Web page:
Are Ads Really That Bad?
Long-time readers know that I’m not a fan of ads. Specifically, I’m not a fan of ad-supported business models. But is that just a matter of personal taste? Or does advertising pose a clear and present danger to the digital environment?
Ad-supported models are at the heart of the “free” internet. As such, they act as a great equalizer, making online products and services available to everyone, regardless of their ability to pay.
Moreover, machine learning systems help ensure that we see relevant, personalized ads. Pay-per-click and pay-per-action models align the incentives of ad-supported providers and consumers: providers only get paid when the consumers are interested enough in the ads to engage with them.
See in this light, the ad-supported model sounds like the love child of socialism and capitalism! It redistributes the wealth of the internet to everyone, while using market forces to optimize the effectiveness of ads.
Unfortunately, “free” comes at a price: our time, our attention, and our data. Let’s look at each of these.
Time, as the adage goes, is money. The average hour of free commercial TV includes over 10 minutes of ads. It’s hard to get similar statistics for online ads, but it feels safe to assert that the time we spend watching ads is not being exchanged for for anything close to the market value of our time — at least not in the US, where the median wage is $23/hour.
The cost of our attention is harder to quantify. But there’s a variety of research showing that interruptions and distractions increase our stress and require recovery time. Hence, to the extent that ads interrupt and distract us from other activities — which is precisely what they are designed to do — they exact a cost beyond the time we spend watching them.
Finally, ad targeting relies on extensive data collection. As a result, ad-supported websites and apps include cookies, trackers, and other data collection mechanisms. Again, it’s not clear how to quantify this cost, but we wouldn’t intentionally give up this data for free — and most of us have no idea how much data we are sharing, let alone how that data is being used.
The effects of the ad-supported model extend beyond the companies using it.
It’s impossible to avoid ads. In particular, Google and Facebook, which exert nearly monopolistic control over our access to the internet, don’t offer alternatives to their ad-supported core products. You can use ad blockers, but doing so fuels a technology arms race with ad-supported businesses. Moreover, the ubiquity of ads means a ubiquity of trackers.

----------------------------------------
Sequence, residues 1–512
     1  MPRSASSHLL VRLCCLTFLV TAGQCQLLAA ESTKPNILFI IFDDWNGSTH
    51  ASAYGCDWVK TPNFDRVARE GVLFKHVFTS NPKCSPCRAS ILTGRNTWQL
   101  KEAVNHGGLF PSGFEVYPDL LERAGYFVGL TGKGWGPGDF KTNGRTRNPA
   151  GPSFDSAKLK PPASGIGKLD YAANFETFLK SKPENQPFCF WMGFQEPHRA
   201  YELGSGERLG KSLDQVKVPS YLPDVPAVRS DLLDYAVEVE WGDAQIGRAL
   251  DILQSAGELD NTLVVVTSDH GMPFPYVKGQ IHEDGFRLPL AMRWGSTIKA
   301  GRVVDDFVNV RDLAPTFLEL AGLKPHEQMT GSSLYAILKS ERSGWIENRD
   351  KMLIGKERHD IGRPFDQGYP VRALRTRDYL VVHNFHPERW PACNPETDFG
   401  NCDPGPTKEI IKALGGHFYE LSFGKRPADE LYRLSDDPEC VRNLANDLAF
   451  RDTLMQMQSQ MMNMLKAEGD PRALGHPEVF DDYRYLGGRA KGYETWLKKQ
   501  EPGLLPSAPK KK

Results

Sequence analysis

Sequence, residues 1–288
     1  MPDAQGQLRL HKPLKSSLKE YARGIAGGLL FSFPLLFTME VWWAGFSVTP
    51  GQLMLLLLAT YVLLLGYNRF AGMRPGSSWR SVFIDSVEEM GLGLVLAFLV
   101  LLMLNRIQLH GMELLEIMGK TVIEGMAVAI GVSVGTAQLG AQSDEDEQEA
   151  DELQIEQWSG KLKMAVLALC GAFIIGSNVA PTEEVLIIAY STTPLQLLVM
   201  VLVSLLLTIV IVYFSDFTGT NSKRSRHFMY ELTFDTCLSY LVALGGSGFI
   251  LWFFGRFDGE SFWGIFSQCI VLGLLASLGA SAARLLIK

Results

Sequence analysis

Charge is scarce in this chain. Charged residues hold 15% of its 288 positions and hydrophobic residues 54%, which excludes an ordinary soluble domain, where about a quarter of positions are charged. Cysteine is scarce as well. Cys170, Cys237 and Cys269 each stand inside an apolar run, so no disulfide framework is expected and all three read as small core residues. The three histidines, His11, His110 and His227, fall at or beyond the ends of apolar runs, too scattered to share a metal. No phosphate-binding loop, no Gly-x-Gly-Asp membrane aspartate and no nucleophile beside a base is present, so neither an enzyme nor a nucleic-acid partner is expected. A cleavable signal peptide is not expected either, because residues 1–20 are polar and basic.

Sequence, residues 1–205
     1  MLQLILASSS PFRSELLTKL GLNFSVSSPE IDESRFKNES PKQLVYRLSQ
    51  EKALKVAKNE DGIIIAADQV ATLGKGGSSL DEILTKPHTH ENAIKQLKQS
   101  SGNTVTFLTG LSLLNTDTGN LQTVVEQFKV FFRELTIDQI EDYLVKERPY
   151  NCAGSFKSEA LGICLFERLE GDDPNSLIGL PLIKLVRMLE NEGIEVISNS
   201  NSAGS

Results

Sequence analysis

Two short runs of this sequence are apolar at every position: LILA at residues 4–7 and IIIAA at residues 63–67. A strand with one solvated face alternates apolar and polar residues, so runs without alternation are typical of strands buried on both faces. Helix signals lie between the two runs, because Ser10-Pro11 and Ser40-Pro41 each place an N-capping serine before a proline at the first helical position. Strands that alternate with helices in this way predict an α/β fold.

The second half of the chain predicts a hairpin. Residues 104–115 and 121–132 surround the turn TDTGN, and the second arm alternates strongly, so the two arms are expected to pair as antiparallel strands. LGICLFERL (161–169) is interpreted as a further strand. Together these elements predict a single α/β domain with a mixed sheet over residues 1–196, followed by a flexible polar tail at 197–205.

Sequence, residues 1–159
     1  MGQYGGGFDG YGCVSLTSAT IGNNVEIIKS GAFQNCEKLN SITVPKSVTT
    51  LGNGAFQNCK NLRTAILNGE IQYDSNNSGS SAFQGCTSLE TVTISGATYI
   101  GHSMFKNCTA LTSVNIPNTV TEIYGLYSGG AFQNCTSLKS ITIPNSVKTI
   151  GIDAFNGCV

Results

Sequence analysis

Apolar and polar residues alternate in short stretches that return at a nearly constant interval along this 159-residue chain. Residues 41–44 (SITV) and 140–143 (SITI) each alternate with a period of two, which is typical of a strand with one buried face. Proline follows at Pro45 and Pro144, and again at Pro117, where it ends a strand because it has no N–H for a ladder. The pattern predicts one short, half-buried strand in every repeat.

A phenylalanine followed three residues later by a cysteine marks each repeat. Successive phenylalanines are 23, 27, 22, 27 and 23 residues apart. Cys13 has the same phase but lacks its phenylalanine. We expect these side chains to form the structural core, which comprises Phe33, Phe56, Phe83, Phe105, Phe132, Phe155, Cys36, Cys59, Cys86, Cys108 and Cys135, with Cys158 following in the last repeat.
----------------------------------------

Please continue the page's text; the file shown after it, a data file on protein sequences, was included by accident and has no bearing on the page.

It’s hard to run an online business today without ads. With notable exceptions like Netflix and Spotify, consumers have a strong preference for “free”. That makes it difficult to build a viable business without ads, at least when you’re competing against an ad-supported incumbent. As a result, even the people who want to pay for an ad-free service usually don’t have the option to do so.
Finally, the prevalence of advertising is driving a surveillance economy. Since we’re not paying for products, we — that is, our time, attention, and data — are the product. As a result, we are bombarded with relentless attempts to mine our data and monetize it. Even worse, the collection, combination, and centralization of that data makes us vulnerable to fraud and identity theft.
So, are ads really that bad?
Yes, I believe they are.
I concede that ads have been an equalizing foundation for today’s internet. But the price — in time, attention, and data — is unacceptably high. Moreover, the effects of ads go well beyond the ad-supported businesses that serve them. We can’t avoid the ad-supported business that dominate the internet, nor the surveillance economy that ads are driving.
Sometimes we have the option to pay for ad-free products. But usually not. We can use ad blockers and tools to protect us from aggressive tracking, but we’re just participating in an arms race — and it’s not clear that we can win.
Several years ago, Jeff Hammerbacher said that “The best minds of my generation are thinking about how to make people click ads. That sucks.”
Ads are a kind of digital pollution — toxic emissions of our data exhaust. Let’s work together to protect our digital environment — and ourselves.